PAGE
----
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  Gandahar Shattered PeaceBuy this film here.
Year: 1988
Director: René Laloux
Stars: Pierre-Marie Escourrou, Catherine Chevalier, Georges Wilson, Anny Duperey, Jean-Pierre Ducos, Christine Paris, Zaira Benabis, Claude Degliame, Olivier Cruvellier
Genre: Animated, Science Fiction
Rating:  6 (from 1 vote)
Review: In the land of Gandahar, there has been peace for many decades, but now it looks as though all that is about to end. Encroaching on the dominion of Jasper, which is effectively the seat of government, are a race of metal men and they are turning the mild and harmonious people to stone for their own mysterious purposes. Ambisextra (voiced by Anny Duperey), the leader of Gandahar, calls on a champion to set out on a mission to get to the root of the problem, but she gets the inexperienced Sylvain (Pierre-Marie Escourrou) - will he prove his mettle?

Gandahar was the final feature film directed by animator René Laloux, and for many it did not live up to his most famous work, the seventies effort Fantastic Planet which had become such a hit with counterculture audiences. In fact, this was a rather more conventional good versus evil tale with the citizens of Jasper putting their faith in Sylvain when their usual lines of defence and surveillance fall by the wayside. Based on a story by Jean-Pierre Andrevon, it had that peculiarly Gallic flavour particular to their science fiction, so Star Wars this was not.

There's actually a more surreal quality to the film that carries it through a plotline that doesn't entirely make sense for some of the time. Mainly this is down to the character design - and the fact that most of the female characters are topless throughout prompts one to wonder if this was intended for adults, or if the French aren't as bothered about this sort of thing as other countries are; it's not sexually expliict, anyway (although lovemaking is implied in one scene). Sylvain is a pretty conventional hero for the most part, but the bizarre design of those around him is worth seeing.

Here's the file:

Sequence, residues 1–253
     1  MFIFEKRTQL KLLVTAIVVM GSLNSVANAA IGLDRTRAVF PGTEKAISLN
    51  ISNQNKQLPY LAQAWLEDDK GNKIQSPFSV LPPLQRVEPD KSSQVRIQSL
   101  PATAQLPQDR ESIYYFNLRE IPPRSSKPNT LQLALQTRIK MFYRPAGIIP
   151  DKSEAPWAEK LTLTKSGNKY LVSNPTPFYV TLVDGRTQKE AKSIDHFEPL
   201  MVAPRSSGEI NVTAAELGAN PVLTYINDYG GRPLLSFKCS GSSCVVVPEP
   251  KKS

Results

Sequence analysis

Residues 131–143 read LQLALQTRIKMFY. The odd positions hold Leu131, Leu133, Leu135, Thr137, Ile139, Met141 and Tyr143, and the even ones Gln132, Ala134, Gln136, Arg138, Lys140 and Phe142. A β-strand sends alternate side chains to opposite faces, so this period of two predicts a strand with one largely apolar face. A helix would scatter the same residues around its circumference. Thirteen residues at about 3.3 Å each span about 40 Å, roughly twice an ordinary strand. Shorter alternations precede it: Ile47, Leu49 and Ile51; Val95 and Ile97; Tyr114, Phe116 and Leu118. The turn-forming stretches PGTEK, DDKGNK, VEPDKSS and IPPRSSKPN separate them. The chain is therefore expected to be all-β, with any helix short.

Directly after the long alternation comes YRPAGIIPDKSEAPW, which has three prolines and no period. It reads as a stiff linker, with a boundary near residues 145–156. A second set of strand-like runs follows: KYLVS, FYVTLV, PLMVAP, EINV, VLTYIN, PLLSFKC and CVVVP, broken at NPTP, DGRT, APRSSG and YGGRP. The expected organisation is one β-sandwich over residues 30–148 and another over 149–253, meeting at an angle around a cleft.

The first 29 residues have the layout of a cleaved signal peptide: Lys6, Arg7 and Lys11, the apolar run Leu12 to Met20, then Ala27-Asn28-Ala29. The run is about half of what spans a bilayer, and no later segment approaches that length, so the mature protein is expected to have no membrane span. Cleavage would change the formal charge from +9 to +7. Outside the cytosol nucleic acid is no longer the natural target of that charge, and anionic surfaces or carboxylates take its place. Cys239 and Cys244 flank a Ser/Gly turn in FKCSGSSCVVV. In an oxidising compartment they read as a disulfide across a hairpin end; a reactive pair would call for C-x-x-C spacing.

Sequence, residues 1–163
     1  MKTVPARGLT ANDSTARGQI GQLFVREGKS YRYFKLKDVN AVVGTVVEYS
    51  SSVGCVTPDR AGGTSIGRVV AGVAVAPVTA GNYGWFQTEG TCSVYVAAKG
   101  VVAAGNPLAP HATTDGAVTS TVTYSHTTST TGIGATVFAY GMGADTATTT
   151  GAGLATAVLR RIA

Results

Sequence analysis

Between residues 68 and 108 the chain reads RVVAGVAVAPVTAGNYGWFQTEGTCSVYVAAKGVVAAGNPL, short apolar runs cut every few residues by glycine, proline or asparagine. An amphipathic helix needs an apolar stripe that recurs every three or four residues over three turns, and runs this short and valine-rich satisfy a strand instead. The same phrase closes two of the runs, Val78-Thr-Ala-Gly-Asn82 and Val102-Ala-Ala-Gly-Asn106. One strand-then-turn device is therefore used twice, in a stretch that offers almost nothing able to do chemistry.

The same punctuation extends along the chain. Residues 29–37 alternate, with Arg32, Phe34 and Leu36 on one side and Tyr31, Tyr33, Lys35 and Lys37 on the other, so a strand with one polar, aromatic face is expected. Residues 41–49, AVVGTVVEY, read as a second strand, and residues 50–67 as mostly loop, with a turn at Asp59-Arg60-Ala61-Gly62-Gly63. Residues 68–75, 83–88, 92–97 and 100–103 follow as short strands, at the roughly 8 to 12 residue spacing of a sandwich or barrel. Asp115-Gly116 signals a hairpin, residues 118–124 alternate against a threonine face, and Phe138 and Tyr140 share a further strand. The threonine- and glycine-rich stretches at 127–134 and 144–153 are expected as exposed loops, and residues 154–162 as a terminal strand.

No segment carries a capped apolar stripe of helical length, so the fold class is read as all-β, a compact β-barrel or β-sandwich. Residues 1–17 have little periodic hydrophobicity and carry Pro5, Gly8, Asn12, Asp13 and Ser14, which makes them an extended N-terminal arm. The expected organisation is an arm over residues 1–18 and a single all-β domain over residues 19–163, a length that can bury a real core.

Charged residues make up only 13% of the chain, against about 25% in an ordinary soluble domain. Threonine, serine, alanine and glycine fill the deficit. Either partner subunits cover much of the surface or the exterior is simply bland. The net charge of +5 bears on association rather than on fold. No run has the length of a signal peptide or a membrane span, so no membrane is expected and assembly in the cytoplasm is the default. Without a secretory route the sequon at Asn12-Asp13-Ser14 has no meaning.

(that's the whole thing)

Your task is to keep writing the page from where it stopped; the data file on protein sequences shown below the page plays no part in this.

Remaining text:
This hero ends up being taken down on his flying creature by two monstrous birds and crashlanding, where he is found by a band of mutants. This is the first sign that Gandahar is not the paradise we might have regarded it as, because the mutants are forced to live underground having been banished from polite society, but they don't seem to bear a grudge against Sylvain personally, he wasn't to know after all. One of the mutants guides him to an area of metal man activity, and wouldn't you know it he ends up getting zapped and turned to stone.

Looks like this will be a short film, then, but there is more to it than that, as we find out. From a gun that shoots seeds which in turn sprout thorns to destroy their target to a giant superbrain that appears to be controlling the metal men without quite grasping the significance of what it is carrying out, Gandahar is not short of inspiration, but the time travel that emerges in the final third only proves to be an unnecessary development, especially as Sylvain needlessly agrees to be placed in suspended animation so he can wait to tackle the superbrain a thousand years in the future when it will be more evil, but on the other hand this adds to the bizarre elements that make up the bulk of the film. It does have a happy ending of sorts, but the whole bad times just around the corner aspect speaks of pessimism; intriguing, though. Music by Gabriel Yared.
Reviewer: Graeme Clark


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